IS  - 1078-0432 (Print)
IS  - 1078-0432 (Linking)
DP  - 2019 Apr 16
TI  - Developments in the Space of New MAPK Pathway Inhibitors for BRAF-Mutant
      Melanoma.
LID - 10.1158/1078-0432.CCR-18-0836 [doi]
AB  - The characterization of the MAPK signaling pathway has led to the development of 
      multiple promising targeted therapy options for a subset of patients with
      metastatic melanoma. The combination of BRAF and MEK inhibitors represents an
      FDA-approved standard of care in patients with metastatic and resected
      BRAF-mutated melanoma. There are currently three FDA-approved BRAF/MEK inhibitor 
      combinations for the treatment of patients with BRAF-mutated melanoma. Although
      there have been significant advances in the field of targeted therapy, further
      exploration of new targets within the MAPK pathway will strengthen therapeutic
      options for patients. Important clinical and translational research focuses on
      mechanisms of resistance, predictive biomarkers, and challenging patient
      populations such as those with brain metastases or resected melanoma.
CI  - (c)2019 American Association for Cancer Research.
FAU - Cohen, Justine V
AU  - Cohen JV
AD  - Division of Medical Oncology, Department of Medicine, Massachusetts General
      Hospital Cancer Center, Center for Melanoma, Harvard Medical School, Boston,
      Massachusetts.
FAU - Sullivan, Ryan J
AU  - Sullivan RJ
AD  - Division of Medical Oncology, Department of Medicine, Massachusetts General
      Hospital Cancer Center, Center for Melanoma, Harvard Medical School, Boston,
      Massachusetts. rsullivan7@mgh.harvard.edu.
LA  - eng
GR  - R01 CA193970/CA/NCI NIH HHS/United States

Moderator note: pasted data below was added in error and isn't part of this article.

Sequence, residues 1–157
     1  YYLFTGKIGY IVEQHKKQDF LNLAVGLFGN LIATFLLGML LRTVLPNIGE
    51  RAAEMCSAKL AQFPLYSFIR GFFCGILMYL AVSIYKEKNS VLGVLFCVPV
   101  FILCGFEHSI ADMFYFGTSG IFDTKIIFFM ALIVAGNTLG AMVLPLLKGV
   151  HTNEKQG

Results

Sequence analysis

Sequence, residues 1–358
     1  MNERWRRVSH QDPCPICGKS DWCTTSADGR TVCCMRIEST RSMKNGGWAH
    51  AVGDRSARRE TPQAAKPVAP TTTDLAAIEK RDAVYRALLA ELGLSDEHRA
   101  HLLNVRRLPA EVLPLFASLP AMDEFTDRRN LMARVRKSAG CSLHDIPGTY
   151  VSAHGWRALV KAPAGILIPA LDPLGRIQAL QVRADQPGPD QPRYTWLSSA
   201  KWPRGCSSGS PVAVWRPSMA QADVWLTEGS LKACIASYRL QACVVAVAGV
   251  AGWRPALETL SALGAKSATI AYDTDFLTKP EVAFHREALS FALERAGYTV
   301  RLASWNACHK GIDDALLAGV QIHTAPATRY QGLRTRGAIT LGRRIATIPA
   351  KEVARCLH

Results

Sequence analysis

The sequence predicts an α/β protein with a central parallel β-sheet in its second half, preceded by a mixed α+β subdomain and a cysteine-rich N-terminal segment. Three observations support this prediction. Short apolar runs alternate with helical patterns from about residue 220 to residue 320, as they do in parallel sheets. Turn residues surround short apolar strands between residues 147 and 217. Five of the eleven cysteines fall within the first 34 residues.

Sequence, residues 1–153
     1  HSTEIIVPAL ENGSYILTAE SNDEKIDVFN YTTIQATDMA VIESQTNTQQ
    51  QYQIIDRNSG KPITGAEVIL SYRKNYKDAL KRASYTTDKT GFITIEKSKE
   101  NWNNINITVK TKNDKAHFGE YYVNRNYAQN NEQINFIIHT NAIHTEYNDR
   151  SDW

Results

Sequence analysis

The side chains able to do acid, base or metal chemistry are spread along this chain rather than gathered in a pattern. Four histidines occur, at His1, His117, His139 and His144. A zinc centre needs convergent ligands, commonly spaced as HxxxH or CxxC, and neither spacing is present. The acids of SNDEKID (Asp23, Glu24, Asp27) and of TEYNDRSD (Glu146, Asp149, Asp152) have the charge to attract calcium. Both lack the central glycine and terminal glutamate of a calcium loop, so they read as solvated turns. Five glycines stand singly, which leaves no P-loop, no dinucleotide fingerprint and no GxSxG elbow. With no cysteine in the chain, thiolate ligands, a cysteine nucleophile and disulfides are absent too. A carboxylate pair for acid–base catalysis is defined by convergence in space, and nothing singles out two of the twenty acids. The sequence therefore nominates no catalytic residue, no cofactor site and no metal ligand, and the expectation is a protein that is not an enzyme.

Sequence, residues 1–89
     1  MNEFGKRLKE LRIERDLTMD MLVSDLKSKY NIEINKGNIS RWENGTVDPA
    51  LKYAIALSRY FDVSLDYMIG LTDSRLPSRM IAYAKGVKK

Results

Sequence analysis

PT  - Journal Article
PT  - Review
DEP - 20190416
PL  - United States
TA  - Clin Cancer Res
JT  - Clinical cancer research : an official journal of the American Association for
      Cancer Research
JID - 9502500
EDAT- 2019/04/18 06:00
MHDA- 2019/04/18 06:00
CRDT- 2019/04/18 06:00
PHST- 2018/10/01 00:00 [received]
PHST- 2019/01/28 00:00 [revised]
PHST- 2019/04/12 00:00 [accepted]
PHST- 2019/04/18 06:00 [pubmed]
PHST- 2019/04/18 06:00 [medline]
PHST- 2019/04/18 06:00 [entrez]
AID - 1078-0432.CCR-18-0836 [pii]
AID - 10.1158/1078-0432.CCR-18-0836 [doi]
PST - aheadofprint
SO  - Clin Cancer Res. 2019 Apr 16. pii: 1078-0432.CCR-18-0836. doi:
      10.1158/1078-0432.CCR-18-0836.

PMID- 30998207
OWN - NLM
STAT- In-Process
LR  - 20190509
IS  - 1952-4013 (Electronic)
IS  - 1167-1122 (Linking)
VI  - 29
IP  - 1
DP  - 2019 Feb 1
TI  - Erythema multiforme-like rash upon anti-melanoma therapy with BRAF and MEK
      inhibitors.
PG  - 107-108
LID - 10.1684/ejd.2019.3511 [doi]
FAU - Gran, Franziska
AU  - Gran F
AD  - Department of Dermatology, Venereology and Allergology, University Hospital
      Wurzburg, Wurzburg, Germany.
FAU - Goebeler, Matthias
AU  - Goebeler M